These men, the discouraged worker and the discouraged criminal, voluntarily withdraw themselves from the struggle for work. Industry does not need them. There are no factories shut down through lack of labor, no projected railroads unbuilt for want of pick-and-shovel men. Women are still glad to toil for a dollar a week, and men and boys to clamor and fight for work at the factory gates. No one misses these discouraged men, and in going away they have made it somewhat easier for those that remain.
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So the case stands thus: There being more men than there is work for men to do, a surplus labor army inevitably results. The surplus labor army is an economic necessity; without it, present society would fall to pieces. Into the surplus labor army are herded the mediocre, the inefficient, the unfit, and those incapable of satisfying the industrial needs of the system. The struggle for work between the members of the surplus labor army is sordid and savage, and at the bottom of the social pit the struggle is vicious and beastly. This struggle tends to discouragement, and the victims of this discouragement are the criminal and the tramp. The tramp is not an economic necessity such as the surplus labor army, but he is the by-product of an economic necessity.
The "road" is one of the safety-valves through which the waste of the social organism is given off. And being given off constitutes the negative function of the tramp. Society, as at present organized, makes much waste of human life. This waste must be eliminated. Chloroform or electrocution would be a simple, merciful solution of this problem of elimination; but the ruling ethics, while permitting the human waste, will not permit a humane elimination of that waste. This paradox demonstrates the irreconcilability of theoretical ethics and industrial need.
And so the tramp becomes self-eliminating. And not only self! Since he is manifestly unfit for things as they are, and since kind is prone to beget kind, it is necessary that his kind cease with him, that his progeny shall not be, that he play the eunuch's part in this twentieth century after Christ. And he plays it. He does not breed. Sterility is his portion, as it is the portion of the woman on the street. They might have been mates, but society has decreed otherwise.
And, while it is not nice that these men should die, it is ordained that they must die, and we should not quarrel with them if they cumber our highways and kitchen stoops with their perambulating carcasses. This is a form of elimination we not only countenance but compel. Therefore let us be cheerful and honest about it. Let us be as stringent as we please with our police regulations, but for goodness' sake let us refrain from telling the tramp to go to work. Not only is it unkind, but it is untrue and hypocritical. We know there is no work for him. As the scapegoat to our economic and industrial sinning, or to the plan of things, if you will, we should give him credit. Let us be just. He is so made. Society made him. He did not make himself.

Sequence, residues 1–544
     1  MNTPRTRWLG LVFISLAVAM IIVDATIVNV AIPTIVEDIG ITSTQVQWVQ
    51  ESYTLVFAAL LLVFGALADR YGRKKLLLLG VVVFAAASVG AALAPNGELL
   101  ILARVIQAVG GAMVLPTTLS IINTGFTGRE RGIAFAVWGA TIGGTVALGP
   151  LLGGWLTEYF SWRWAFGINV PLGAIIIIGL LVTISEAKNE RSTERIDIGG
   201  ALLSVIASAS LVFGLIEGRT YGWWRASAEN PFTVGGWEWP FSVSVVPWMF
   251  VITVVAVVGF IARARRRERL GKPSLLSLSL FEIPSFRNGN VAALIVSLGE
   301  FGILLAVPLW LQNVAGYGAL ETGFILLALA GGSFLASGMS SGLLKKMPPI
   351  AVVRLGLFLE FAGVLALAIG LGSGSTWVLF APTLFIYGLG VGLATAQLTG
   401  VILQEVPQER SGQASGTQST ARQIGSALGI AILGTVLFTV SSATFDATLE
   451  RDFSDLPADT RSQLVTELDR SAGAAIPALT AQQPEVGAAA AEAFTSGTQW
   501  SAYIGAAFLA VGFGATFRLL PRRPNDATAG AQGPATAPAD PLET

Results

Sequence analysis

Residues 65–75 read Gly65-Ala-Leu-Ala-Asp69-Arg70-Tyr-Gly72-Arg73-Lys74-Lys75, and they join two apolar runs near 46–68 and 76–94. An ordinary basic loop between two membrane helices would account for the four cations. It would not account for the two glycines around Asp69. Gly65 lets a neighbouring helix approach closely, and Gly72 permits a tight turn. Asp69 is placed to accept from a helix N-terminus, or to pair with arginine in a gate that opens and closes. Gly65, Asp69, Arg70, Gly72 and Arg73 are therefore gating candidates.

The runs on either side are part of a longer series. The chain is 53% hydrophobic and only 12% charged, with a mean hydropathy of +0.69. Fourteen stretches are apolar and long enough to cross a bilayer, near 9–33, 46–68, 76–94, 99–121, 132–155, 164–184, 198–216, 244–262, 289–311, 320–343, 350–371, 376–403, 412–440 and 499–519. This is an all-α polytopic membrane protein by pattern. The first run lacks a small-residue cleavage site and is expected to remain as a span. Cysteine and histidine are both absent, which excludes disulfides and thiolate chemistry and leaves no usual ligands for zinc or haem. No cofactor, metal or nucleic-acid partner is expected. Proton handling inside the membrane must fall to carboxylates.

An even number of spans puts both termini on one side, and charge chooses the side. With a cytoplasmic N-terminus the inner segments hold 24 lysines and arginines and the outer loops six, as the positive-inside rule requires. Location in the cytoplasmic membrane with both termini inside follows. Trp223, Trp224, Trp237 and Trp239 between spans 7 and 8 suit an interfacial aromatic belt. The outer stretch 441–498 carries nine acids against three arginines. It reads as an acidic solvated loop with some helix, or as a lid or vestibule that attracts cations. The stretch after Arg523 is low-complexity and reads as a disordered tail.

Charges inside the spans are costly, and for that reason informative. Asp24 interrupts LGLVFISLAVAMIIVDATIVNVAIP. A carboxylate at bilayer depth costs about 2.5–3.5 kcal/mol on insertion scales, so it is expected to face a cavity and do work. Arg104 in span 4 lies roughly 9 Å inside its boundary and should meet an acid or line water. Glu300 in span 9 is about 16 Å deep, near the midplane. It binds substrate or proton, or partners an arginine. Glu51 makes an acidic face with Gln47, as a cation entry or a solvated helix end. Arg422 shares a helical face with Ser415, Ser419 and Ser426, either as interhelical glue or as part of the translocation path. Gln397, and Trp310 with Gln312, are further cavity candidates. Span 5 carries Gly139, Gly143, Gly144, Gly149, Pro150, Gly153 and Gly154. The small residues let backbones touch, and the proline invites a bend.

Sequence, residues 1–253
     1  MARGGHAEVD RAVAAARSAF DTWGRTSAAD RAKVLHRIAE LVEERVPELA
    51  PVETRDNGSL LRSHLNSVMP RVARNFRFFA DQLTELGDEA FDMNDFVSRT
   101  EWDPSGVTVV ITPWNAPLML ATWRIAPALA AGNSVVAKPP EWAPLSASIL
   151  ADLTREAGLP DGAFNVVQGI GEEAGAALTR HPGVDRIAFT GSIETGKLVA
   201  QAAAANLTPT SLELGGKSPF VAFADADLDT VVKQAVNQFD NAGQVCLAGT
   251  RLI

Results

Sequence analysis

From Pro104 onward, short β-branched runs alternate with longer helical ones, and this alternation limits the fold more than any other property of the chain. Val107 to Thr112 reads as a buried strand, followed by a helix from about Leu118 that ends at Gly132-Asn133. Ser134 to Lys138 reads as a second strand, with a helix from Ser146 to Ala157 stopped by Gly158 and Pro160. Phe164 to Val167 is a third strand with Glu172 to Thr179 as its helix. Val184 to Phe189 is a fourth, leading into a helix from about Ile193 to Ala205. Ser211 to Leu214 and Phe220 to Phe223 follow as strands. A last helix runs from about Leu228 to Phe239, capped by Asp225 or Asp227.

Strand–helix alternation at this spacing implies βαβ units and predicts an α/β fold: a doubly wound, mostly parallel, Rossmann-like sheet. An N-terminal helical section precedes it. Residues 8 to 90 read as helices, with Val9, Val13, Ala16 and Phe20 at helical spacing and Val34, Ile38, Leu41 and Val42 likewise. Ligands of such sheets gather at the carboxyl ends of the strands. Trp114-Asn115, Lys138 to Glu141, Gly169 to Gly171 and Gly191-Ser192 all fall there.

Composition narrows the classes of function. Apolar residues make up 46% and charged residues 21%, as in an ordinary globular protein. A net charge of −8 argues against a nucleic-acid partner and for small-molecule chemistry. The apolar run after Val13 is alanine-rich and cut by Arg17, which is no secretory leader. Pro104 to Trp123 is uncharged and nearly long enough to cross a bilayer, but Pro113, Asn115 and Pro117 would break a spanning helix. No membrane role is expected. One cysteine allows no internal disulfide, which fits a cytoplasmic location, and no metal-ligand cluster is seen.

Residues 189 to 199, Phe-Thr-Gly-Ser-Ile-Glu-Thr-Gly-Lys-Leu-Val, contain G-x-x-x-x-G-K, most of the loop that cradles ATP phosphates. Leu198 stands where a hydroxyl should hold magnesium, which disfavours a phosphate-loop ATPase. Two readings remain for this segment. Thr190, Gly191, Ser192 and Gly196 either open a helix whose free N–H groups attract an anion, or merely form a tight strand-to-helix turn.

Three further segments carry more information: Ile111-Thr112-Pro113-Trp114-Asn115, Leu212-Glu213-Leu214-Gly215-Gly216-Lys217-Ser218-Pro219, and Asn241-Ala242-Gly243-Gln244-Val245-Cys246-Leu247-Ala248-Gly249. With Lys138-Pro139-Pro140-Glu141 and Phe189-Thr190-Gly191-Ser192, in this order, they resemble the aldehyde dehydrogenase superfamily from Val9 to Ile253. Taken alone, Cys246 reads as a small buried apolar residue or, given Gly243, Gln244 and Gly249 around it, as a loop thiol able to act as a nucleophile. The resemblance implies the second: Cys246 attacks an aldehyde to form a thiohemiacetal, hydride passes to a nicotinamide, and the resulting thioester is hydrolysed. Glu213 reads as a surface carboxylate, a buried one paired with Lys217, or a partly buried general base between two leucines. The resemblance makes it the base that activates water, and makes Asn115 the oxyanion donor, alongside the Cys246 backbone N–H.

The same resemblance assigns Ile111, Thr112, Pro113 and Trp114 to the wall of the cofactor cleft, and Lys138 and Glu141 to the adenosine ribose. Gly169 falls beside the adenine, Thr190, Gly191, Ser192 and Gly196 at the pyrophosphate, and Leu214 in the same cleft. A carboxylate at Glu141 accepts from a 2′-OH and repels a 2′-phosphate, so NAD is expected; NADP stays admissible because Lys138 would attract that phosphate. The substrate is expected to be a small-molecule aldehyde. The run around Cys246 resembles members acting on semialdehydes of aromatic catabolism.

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 "From 43 to 52 per cent of all applicants need work rather than relief."--Report of the Charity Organization Society of New York City.
 Mr. Leiter, who owns a coal mine at the town of Zeigler, Illinois, in an interview printed in the Chicago Record-Herald of December 6, 1904, said: "When I go into the market to purchase labor, I propose to retain just as much freedom as does a purchaser in any other kind of a market. . . . There is no difficulty whatever in obtaining labor, for the country is full of unemployed men."
 "Despondent and weary with vain attempts to struggle against an unsympathetic world, two old men were brought before Police Judge McHugh this afternoon to see whether some means could not be provided for their support, at least until springtime.
"George Westlake was the first one to receive the consideration of the court. Westlake is seventy-two years old. A charge of habitual drunkenness was placed against him, and he was sentenced to a term in the county jail, though it is more than probable that he was never under the influence of intoxicating liquor in his life. The act on the part of the authorities was one of kindness for him, as in the county jail he will be provided with a good place to sleep and plenty to eat.
"Joe Coat, aged sixty-nine years, will serve ninety days in the county jail for much the same reason as Westlake. He states that, if given a chance to do so, he will go out to a wood-camp and cut timber during the winter, but the police authorities realize that he could not long survive such a task."--From the Butte (Montana) Miner, December 7th, 1904.
"'I end my life because I have reached the age limit, and there is no place for me in this world. Please notify my wife, No. 222 West 129th Street, New York.' Having summed up the cause of his despondency in this final message, James Hollander, fifty-six years old, shot himself through the left temple, in his room at the Stafford Hotel today."--New York Herald.
 In the San Francisco Examiner of November 16, 1904, there is an account of the use of fire-hose to drive away three hundred men who wanted work at unloading a vessel in the harbor. So anxious were the men to get the two or three hours' job that they made a veritable mob and had to be driven off.
 "It was no uncommon thing in these sweatshops for men to sit bent over a sewing-machine continuously from eleven to fifteen hours a day in July weather, operating a sewing-machine by foot-power, and often so driven that they could not stop for lunch. The seasonal character of the work meant demoralizing toil for a few months in the year, and a not less demoralizing idleness for the remainder of the time. Consumption, the plague of the tenements and the especial plague of the garment industry, carried off many of these workers; poor nutrition and exhaustion, many more."--From McClure's Magazine.